Appalachian Power's proposed transmission line upgrade is expected to add about $2.5 million in public utility taxes to Kanawha County's coffers.
That's welcome news to county officials who were expecting a $1.1 million loss in property taxes when the company's coal-fired plant in Glasgow goes offline in 2015.
County commissioners discussed the situation during a regular meeting Thursday evening.
The loss of the power plant will affect about 40 jobs, though Commission President Kent Carper said that AEP has "indicated to us that they're doing everything they can to mitigate those losses."
Glasgow will lose about $197,000 in business and occupation taxes, Kanawha County Economic Development Coordinator Matt Thomas said.
Carper said he has asked AEP to look into the possibility of converting the plant to be powered by natural gas, thus protecting it from closure.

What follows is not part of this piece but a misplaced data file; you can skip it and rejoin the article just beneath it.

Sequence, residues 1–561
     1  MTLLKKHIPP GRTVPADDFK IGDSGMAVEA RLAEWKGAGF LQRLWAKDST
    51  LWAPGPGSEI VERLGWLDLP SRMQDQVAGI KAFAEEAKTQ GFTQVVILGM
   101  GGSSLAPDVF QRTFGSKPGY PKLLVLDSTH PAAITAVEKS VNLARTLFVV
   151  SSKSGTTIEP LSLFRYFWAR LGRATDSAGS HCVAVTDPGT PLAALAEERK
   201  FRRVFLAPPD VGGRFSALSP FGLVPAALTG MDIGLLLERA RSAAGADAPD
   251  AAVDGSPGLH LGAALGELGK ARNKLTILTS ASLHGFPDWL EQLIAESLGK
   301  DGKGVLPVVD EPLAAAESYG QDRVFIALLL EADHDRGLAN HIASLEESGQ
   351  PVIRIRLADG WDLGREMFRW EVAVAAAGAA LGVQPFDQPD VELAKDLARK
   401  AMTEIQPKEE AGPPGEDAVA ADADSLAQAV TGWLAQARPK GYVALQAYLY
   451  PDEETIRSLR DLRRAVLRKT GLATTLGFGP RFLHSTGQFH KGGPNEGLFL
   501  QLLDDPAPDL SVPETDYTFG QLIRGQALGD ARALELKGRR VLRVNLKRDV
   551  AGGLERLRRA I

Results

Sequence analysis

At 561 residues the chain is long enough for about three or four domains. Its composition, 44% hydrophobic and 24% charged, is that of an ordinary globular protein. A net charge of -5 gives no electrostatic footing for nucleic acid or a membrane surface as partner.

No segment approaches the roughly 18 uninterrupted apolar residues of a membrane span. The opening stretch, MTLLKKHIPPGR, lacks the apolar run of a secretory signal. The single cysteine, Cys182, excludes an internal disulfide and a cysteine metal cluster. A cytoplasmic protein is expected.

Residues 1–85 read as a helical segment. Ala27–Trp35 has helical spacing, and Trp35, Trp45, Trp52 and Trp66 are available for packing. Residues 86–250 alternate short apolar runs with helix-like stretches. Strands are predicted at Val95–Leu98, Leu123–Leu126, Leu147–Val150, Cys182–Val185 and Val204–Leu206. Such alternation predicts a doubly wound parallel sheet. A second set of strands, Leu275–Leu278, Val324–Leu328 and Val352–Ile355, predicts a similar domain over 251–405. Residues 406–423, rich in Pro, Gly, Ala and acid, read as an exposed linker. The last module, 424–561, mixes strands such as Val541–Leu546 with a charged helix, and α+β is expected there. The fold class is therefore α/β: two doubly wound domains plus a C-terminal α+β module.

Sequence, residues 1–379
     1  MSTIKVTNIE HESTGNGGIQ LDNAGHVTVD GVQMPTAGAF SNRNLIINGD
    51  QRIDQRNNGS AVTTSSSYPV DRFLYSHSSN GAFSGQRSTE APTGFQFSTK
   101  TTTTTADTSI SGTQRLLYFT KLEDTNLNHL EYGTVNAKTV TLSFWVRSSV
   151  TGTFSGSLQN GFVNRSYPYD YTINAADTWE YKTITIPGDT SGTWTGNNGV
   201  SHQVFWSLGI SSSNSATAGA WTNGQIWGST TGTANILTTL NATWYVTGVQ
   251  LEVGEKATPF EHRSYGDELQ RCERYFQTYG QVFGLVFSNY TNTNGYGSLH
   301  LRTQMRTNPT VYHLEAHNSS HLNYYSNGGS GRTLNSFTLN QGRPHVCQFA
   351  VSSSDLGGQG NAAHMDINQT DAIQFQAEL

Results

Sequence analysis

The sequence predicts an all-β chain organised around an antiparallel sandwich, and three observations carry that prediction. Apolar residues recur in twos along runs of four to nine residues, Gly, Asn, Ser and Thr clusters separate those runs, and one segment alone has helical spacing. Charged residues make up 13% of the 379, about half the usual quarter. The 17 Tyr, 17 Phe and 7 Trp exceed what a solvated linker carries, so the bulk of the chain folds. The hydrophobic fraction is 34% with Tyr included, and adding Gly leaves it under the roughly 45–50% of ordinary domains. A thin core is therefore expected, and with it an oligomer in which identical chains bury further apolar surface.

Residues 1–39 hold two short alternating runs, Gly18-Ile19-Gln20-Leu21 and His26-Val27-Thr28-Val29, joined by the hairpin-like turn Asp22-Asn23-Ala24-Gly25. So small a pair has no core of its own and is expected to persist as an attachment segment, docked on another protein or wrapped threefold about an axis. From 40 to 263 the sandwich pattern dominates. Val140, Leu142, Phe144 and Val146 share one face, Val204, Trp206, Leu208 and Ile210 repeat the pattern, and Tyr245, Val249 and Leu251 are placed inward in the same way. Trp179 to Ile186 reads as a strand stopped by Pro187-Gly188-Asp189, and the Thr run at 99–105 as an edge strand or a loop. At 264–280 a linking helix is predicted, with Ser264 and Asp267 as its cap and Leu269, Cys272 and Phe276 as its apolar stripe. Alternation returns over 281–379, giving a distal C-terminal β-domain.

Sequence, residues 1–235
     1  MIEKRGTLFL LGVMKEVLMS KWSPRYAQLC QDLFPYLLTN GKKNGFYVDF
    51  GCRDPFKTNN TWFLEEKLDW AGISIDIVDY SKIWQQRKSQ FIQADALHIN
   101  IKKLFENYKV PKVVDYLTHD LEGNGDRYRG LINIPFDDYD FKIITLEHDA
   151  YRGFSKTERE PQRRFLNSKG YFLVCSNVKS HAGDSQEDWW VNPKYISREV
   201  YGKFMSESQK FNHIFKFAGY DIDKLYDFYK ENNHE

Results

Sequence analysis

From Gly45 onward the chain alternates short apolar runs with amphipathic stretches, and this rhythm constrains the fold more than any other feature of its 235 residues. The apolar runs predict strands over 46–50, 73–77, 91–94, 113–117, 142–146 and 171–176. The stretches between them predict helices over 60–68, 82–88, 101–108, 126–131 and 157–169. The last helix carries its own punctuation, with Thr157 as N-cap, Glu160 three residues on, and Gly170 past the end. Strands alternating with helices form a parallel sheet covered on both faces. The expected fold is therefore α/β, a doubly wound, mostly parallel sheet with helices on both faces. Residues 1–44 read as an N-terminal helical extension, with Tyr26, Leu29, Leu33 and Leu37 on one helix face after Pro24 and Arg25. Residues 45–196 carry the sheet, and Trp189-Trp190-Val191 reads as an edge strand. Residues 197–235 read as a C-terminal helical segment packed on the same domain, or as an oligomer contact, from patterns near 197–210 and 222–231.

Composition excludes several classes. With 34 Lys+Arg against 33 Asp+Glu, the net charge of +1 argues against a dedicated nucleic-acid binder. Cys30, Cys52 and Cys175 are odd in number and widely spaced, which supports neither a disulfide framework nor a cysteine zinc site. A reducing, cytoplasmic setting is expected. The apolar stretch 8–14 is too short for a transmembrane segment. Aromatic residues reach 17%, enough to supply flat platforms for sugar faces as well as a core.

In other business, the commissioners:
* Discussed the sale of the Pratt water system to West Virginia American Water. The sale has been submitted to the state Public Service Commission for approval, a process that will take several weeks.
Carper was disappointed the town did not take care of its water system to arrive at the point that required it to be sold.
"We bailed you out not for town mistakes, but for the people who live there," he said to Pratt Mayor Gary Fields at the meeting.
Carper added there wouldn't be any discussion of what to do with the Pratt's aging sewer system, which is separate from the water system, until after the water project is finished.
* Voted to require spouses of employees on the county's health plan to have a physical exam each year. Employees are already required to have a physical, and the change will begin June 1, 2014.
Contact writer Matt Murphy at Matt.Mur...@dailymail.com or 304-348-4817.